The case study for DISTURBED HARMONIES [ANTHROPOCENE LANDSCAPES] deals with the past, present and future of the river Emscher in the Northern Ruhr area, Germany’s former centre of mining and heavy industries. Due to the disastrous effects of industrialisation, the river became a technological device and served as an open sewer during the twentieth century. Since the end of coal mining, the region has been transformed into an even more complex hydro-engineering system that allows for the restoration of landscapes with more natural appeal.

Axel Braun, Emscher, Essen-Karnap, 2014

There have been complaints by elderly people
that everything has developed to its current state.
They say the industry has taken away the intimate appeal
of the lovely Emscher Valley.
Indeed, we can understand this point of view,
just we do not see it justified.
Of course, the poetic charm has disappeared,
but even before, it was just present for those few
who had time and delight in searching and enjoying it. [...]
Overviewing the landscape from an elevated point [...]
[still] reveals a fabulous image [...]
At its glance, everybody feels that a new time is coming,
and those who step into this realm
will be enchanted by the spirit of a new age.


“An der Emscher,” Essener Volkszeitung, Stadtarchiv EVZ 43 (1910) v 11.6., Haus der Essener Geschichte, translation: Axel Braun

1/3 Installation views
Chaos/Control, Dortmunder Kunstverein; 2015, May 30 – July 12
Photo wallpaper, wall text, FullHD video, artist book

The Emscher River in the Northern Ruhr area, Germany’s former industrial centre, was a shallow stream that found its meandered course through forests and flood plains until the nineteenth century when industrialisation changed its fate within decades. Already heavily polluted by unfiltered industrial and domestic sewage waters from the growing agglomeration, the river became increasingly affected by submergences of ground that facilitated floods and turned whole parts into toxic lakes and swamps. At a time when smoking chimneys were a symbol of power and prosperity, a dying river would not have been a reason for concern until that is, the calamities became a threat to industrial assets and workers’ health. After years of debates about who should cover the costs, a cooperative of private and public stakeholders was formed at the beginning of the twentieth century.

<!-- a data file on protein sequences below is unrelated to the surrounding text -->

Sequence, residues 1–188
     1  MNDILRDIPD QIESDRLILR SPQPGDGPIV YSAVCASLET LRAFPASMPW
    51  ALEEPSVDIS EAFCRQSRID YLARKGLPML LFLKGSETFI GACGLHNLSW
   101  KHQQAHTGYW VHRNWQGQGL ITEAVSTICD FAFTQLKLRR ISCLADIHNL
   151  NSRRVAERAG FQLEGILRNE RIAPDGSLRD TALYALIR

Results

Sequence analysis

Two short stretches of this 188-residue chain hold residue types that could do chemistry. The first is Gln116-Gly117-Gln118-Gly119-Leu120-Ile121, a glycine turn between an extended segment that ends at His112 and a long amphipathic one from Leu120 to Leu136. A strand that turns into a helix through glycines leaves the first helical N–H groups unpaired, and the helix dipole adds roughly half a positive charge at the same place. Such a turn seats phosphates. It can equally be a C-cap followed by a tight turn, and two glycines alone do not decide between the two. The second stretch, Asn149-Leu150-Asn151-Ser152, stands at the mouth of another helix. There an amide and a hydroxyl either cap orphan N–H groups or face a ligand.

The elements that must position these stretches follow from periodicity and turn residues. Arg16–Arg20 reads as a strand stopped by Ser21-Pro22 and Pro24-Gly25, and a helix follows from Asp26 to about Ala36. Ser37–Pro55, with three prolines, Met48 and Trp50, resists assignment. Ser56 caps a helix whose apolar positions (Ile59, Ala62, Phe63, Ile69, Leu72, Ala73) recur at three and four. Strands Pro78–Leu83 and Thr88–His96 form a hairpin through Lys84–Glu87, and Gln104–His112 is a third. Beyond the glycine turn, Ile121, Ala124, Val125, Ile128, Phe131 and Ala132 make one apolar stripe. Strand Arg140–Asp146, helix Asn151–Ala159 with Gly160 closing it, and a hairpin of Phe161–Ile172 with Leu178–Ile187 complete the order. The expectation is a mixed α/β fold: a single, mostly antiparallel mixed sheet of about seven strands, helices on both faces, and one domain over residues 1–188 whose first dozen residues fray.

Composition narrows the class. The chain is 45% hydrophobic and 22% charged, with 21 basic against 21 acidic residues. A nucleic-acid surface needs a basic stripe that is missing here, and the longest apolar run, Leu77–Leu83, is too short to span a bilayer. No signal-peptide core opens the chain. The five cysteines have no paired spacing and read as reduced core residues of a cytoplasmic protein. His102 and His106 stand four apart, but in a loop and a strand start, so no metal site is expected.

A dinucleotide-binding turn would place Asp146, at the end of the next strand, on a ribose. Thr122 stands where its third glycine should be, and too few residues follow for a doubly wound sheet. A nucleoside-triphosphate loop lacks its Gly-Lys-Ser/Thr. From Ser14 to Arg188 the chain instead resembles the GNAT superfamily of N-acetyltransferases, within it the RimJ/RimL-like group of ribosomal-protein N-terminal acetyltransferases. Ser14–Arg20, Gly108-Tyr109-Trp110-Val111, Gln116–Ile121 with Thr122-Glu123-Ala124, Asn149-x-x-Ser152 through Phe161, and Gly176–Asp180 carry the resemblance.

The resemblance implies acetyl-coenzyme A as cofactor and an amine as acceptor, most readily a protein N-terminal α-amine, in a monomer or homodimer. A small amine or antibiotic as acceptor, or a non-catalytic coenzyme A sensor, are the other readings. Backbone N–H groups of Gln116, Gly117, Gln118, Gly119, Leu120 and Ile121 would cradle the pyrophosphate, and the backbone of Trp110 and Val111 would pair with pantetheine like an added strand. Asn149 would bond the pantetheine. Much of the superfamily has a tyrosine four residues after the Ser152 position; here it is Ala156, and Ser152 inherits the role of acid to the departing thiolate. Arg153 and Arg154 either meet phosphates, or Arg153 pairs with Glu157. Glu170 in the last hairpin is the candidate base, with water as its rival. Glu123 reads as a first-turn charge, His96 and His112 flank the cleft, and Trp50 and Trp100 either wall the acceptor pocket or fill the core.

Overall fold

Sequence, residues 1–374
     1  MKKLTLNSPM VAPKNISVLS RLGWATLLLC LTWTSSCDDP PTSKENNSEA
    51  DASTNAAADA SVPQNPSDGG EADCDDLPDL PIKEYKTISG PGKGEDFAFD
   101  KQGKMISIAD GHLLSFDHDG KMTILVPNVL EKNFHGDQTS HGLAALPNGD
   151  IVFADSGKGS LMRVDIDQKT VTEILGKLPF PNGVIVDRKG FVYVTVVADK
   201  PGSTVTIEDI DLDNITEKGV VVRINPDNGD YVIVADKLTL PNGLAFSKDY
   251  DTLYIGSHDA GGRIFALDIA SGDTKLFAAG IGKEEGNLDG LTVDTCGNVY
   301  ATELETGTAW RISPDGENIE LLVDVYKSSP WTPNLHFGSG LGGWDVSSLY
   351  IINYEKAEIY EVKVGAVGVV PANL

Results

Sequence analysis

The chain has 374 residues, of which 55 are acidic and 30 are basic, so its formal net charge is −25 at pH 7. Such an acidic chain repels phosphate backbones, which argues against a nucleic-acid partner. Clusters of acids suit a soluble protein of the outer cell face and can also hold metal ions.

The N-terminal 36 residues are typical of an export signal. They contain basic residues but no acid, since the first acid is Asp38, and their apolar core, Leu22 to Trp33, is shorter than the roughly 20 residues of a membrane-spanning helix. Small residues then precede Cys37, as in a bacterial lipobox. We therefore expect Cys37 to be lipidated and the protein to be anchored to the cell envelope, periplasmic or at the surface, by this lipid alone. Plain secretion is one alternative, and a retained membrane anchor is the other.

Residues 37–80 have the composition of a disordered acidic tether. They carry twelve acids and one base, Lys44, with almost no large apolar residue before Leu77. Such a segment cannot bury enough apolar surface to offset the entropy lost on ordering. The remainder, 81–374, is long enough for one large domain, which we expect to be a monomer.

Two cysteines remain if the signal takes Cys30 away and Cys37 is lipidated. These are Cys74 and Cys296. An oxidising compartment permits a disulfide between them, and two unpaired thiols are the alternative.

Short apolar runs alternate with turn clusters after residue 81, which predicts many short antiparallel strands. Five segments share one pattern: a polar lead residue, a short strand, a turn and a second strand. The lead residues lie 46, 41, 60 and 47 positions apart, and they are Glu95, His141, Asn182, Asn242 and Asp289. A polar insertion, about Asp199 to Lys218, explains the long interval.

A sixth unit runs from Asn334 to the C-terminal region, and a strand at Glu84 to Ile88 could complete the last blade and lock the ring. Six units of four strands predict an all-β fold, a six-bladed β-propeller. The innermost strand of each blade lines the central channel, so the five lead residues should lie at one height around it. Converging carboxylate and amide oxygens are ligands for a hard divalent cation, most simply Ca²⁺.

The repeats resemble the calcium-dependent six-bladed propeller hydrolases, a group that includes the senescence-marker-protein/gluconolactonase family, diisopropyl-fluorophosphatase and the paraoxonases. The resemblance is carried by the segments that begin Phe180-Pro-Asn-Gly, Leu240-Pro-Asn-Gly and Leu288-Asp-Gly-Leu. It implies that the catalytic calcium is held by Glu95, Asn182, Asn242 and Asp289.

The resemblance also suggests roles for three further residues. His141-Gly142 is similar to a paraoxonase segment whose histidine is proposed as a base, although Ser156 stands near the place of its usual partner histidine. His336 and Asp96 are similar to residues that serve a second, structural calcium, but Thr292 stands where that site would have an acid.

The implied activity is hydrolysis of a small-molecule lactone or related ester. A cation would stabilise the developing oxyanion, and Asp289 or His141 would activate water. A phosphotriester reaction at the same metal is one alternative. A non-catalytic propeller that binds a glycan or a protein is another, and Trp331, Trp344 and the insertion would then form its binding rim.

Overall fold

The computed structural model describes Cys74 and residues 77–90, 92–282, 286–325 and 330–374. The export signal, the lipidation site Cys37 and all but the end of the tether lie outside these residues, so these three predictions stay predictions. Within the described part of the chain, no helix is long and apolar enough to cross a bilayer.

The only solution for the disastrous situation was full canalisation and diking of the river, relocation of the estuary, and the establishment of hundreds of pumping stations. After completion, the resulting hydro-engineering system served as the main open sewer for the entire industrial region during the rest of the twentieth century.

Since coal mining ended, an even higher technological effort has been undertaken to disentangle river and sewage water again by drilling a seventy-kilometre-long tunnel and reshaping sections of the river landscape to achieve a more natural appeal. The only remaining branch of the original river that survived as a pond in a park was restored in 2010. Although now stagnant, it is a lone memorial to a lost river and landscape.

Play Video

Axel Braun, VI – Rohrvortrieb, FullHD video, 2014 (excerpt)

1/7 Axel Braun, I – Der alte Emscherlauf, artist book, inkjet prints, 260 mm x 210 mm x 40 mm, 54 pages / Leporello: 14 m x 0,195 m, 2014

The selection of historical photographs and quotations presents the river in its original meandering course. Increasingly, signs of industrialisation and deterioration become visible in the landscape. Although the river looks relatively idyllic in some images, it has already been highly polluted and frequently caused diseases in the densely populated industrial area.
Axel Braun, Last oxbow of the old Emscher, Kaisergarten, Oberhausen, 2014
Play Video

Axel Braun, VI – Rohrvortrieb, FullHD video, 00:19:35, 2014

Installation view
Chaos/Control, Dortmunder Kunstverein; 2015, May 30 – July 12
Play Video

Axel Braun, VI – Rohrvortrieb, FullHD video, 2014 (excerpt)

The project was supported with the concept prize Bridges Emscher Zukunft by Emschergenossenschaft in 2012.